Mentor-ship: The key to Success

By Farrah Hetata, Layla Ghalleb, and Mariam El Gammal

Malak Zaalouk, from the Middle East Institute for Higher Education, raised awareness of the importance of mentorship as a key to success in a workshop held by the Center of Learning and Teaching, CLT, in The American University in Cairo, AUC library on Nov. 9. The workshop was designed for AUC professors to help them improve their teaching skills.

Dr. Zaalouk defined mentorship as “reciprocal voluntary process” which “touches things like professional, emotional and personal relationships between a mentor and a mentee.” The purpose behind it is continuous professional development to provide support from an experienced and knowledgeable person.

According to CHRONUS, Mentoring and Talent Development Solutions; mentoring improves job placement rates, increases student retention rates, engages alumni and provides an enriching college experience.

During the workshop, Dr. Zaalouk explained that the ideal conditions for successful mentorship requires trust, commitment and respect.

The characteristics of the mentor are very important for successful relationship. Some of the main characteristics are honesty and the willingness to promote others.  

Professor Mohamed Dabbour, who teaches scientific thinking, viewed the workshop as “thought provoking, makes you reflect on different practices related to mentorship.” He adds that AUC could implement the mentorship program,  “With mentorship you are able to boost both teaching and research” which he believes that AUC is paying a lot of attention to.

When asked about how friends who work together should balance between being professional while not harming the friendship, Dr. Zaalouk said, “It is doable but it requires a very high level of maturity, it needs you to be able to differentiate which hat you are wearing at which time.”

Regarding the Egyptian people’s acceptance to the idea of mentorship, Dr. Zaalouk said, “We don’t have this culture as yet. But I have to say that I am so proud of the number of the Egyptian universities who actually managed to build bridges and partnership with surrounding schools through their visits and constant support of these schools.”

For future progress, the institute is planning to widen its horizon, and apply the mentorship program in other universities in Egypt, aside from AUC.

Tuesday, November 10, 2015

The Cairo Tattoo Convention

By Samia El Khodary and Sara Elaraby

Egypt witnessed its second tattoo convention over the weekend at The Tipsy Teapot in Ma’adi. The event, held on November 6-7, from 3 p.m. to 12 a.m., welcomed over 400 attendees to its venue for the sharing of body art.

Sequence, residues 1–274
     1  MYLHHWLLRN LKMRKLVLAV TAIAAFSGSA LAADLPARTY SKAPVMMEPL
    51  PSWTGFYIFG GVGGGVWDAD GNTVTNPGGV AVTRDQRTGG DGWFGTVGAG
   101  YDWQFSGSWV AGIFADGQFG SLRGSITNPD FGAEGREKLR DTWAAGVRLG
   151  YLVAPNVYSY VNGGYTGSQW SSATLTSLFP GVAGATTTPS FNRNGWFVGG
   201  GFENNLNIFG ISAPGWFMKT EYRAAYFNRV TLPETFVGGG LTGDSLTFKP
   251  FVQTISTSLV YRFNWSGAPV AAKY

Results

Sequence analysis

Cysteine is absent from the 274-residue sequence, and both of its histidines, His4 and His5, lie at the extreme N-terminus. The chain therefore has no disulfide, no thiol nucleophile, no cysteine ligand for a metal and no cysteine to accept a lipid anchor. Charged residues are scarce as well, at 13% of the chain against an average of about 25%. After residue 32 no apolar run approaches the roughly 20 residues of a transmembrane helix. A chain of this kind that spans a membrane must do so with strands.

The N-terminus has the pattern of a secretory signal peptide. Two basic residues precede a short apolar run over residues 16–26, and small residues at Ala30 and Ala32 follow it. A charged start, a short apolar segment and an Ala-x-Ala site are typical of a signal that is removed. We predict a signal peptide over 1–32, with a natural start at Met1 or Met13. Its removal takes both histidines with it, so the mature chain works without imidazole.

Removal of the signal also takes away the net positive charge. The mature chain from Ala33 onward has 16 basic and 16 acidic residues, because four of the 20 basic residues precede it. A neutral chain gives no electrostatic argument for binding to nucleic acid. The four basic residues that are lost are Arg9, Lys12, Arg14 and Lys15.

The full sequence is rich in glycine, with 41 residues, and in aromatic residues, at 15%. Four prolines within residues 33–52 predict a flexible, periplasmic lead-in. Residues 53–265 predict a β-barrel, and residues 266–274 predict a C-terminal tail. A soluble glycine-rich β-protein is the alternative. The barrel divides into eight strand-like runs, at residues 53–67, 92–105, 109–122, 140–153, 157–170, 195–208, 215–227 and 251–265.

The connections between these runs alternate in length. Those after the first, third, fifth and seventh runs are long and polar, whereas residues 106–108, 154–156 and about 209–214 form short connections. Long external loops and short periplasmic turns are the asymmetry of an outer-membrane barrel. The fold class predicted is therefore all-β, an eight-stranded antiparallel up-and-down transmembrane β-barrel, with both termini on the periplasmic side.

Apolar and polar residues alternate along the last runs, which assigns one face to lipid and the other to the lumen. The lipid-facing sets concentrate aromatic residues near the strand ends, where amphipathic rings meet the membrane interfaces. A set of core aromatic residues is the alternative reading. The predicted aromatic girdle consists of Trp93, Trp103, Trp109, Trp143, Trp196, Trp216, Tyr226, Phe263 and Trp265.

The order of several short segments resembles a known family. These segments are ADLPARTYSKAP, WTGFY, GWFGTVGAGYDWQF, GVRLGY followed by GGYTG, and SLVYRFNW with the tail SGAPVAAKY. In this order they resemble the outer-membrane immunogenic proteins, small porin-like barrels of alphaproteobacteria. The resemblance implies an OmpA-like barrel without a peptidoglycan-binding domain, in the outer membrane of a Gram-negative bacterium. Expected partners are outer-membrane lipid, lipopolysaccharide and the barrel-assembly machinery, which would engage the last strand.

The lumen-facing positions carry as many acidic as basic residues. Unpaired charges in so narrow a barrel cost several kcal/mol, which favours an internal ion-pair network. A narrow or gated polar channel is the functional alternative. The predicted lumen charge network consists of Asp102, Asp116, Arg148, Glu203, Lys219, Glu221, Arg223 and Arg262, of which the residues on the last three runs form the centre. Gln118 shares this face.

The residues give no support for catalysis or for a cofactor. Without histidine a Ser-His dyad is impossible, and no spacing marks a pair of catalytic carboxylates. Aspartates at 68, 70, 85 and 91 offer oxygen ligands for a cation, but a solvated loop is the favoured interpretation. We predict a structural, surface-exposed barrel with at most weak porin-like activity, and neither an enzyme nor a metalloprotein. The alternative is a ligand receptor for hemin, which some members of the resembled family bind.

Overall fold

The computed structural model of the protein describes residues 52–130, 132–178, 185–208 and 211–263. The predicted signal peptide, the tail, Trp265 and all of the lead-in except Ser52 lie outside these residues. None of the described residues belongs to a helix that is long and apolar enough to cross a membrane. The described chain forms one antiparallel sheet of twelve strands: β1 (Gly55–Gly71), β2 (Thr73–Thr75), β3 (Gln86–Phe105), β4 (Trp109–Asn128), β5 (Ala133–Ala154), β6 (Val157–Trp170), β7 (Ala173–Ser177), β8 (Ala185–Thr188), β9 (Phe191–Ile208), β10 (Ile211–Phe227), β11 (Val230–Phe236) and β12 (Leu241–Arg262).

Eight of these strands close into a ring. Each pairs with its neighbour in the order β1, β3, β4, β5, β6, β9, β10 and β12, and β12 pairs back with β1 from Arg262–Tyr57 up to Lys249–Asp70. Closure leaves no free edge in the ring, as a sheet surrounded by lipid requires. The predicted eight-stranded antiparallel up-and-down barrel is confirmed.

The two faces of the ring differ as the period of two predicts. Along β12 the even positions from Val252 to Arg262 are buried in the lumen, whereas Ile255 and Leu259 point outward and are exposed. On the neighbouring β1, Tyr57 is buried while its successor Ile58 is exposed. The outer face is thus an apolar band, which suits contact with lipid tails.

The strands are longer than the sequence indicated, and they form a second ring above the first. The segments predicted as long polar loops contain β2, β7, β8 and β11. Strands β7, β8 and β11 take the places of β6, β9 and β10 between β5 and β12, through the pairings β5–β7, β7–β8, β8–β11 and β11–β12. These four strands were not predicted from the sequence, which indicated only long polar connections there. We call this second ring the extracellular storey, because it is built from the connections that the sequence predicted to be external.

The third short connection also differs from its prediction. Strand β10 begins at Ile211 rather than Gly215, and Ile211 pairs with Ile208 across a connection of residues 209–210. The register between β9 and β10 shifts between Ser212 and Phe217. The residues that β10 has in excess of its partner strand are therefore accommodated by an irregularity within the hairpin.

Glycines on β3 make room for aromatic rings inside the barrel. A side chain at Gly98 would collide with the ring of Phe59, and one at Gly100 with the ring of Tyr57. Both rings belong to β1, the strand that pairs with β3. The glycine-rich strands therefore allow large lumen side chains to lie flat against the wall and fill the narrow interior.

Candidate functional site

According to the official Cairo Tattoo Convention website, the convention was created in conjunction with the Nowhereland Tattoo Project , where founder Orne Gil set out to “to bring the art of tattoo (to) countries – mainly in the Middle East – where it has been limited”. To bring like-minded individuals together, Gil partnered with fellow artist and photojournalist Ines Della Valle to bring her vision to life.

Valle, who had witnessed and documented the January 25th Revolution, and Gil reached out to artists, both local and foreign, to bring visibility to the underground art form. As a result, 20 local and international artists, composed of tattooers, piercers, and temporary body painters, gathered to provide a site for body art culture: artists were able to display their personal previous works, and worked on new tattoos for people that attended the convention.

The taboo of tattoos has kept the art mostly in the shadows, but that has recently started to change. According to Gil, the “tattoo culture (started) to move since more or less 3 years…(while) there were some artists that were working already, (it) was more exclusive…I think Cairo is ready for this.”

According to Valle, Egypt has been witnessing the rise of the tattoo art form, with about 70% of those who attended being local Egyptians, and welcoming over 12 more artists to the convention compared to the previous year.

One tattoo regular and convention attendee, Ahmed Talaat, was “shocked by the number of tattoo designers” and people at the event, and believes that Egypt should focus on more pressing issues rather than “being strict about a design… on my own skin”.  

Talaat’s belief is slowly becoming the norm in the city. With the slow change in the taboo of tattoo, there is hope to embrace modern ideals, accept all art forms, and provide venues for self expression to everyone.